Home News Testimony Economic Espionage: A Foreign Intelligence Threat to Americans Jobs and Homeland Security
  • C. Frank Figliuzzi
  • Assistant Director, Counterintelligence Division
  • Federal Bureau of Investigation
  • Statement Before the House Committee on Homeland Security, Subcommittee on Counterterrorism and Intelligence
  • Washington, D.C.
  • June 28, 2012

Good morning Chairman Meehan, Ranking Member Higgins, and members of the Subcommittee. Thank you for the opportunity to testify before you today. For the past year and a half, I have had the privilege of leading the FBI’s Counterintelligence Division (CD). Our mission is to identify, disrupt, and defeat the efforts of foreign intelligence services operating inside the United States. In the FBI’s pending case load for the current fiscal year, economic espionage losses to the American economy total more than $13 billion. The health of America’s companies is vital to our economy, and our economy is a matter of national security. But the FBI, with our partners, is making strides in disrupting economic espionage plots. In just the last four years, the number of arrests the FBI has made associated with economic espionage has doubled; indictments have increased five-fold; and convictions have risen eight-fold. In just the current fiscal year, the FBI has made 10 arrests for economic espionage related charges; federal courts have indicted 21 of our subjects (including indictments of five companies), and convicted nine defendants. In the current fiscal year so far, we have already surpassed the statistics recorded for FY 2011 and expect them to continue to rise. With each year, foreign intelligence services and their collectors become more creative and more sophisticated in their methods to undermine American business and erode the one thing that most provides American business its leading edge; our ability to innovate.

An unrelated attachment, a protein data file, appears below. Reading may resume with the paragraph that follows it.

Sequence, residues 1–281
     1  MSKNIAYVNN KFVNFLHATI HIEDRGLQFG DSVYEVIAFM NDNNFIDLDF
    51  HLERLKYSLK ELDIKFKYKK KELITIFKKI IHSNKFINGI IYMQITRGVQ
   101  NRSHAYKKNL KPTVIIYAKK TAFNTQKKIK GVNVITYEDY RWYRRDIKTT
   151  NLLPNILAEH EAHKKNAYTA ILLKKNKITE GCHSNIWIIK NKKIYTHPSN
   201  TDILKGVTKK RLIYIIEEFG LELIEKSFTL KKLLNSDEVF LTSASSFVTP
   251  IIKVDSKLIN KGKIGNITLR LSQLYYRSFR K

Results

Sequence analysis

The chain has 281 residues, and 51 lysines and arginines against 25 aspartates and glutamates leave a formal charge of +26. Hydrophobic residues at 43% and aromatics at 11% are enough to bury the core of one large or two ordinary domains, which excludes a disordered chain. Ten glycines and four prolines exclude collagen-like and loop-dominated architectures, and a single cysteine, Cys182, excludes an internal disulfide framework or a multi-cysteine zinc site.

As the FBI’s economic espionage caseload is growing, so is the percentage of cases attributed to an insider threat, meaning that, individuals currently (or formerly) trusted as employees and contractors are a growing part of the problem.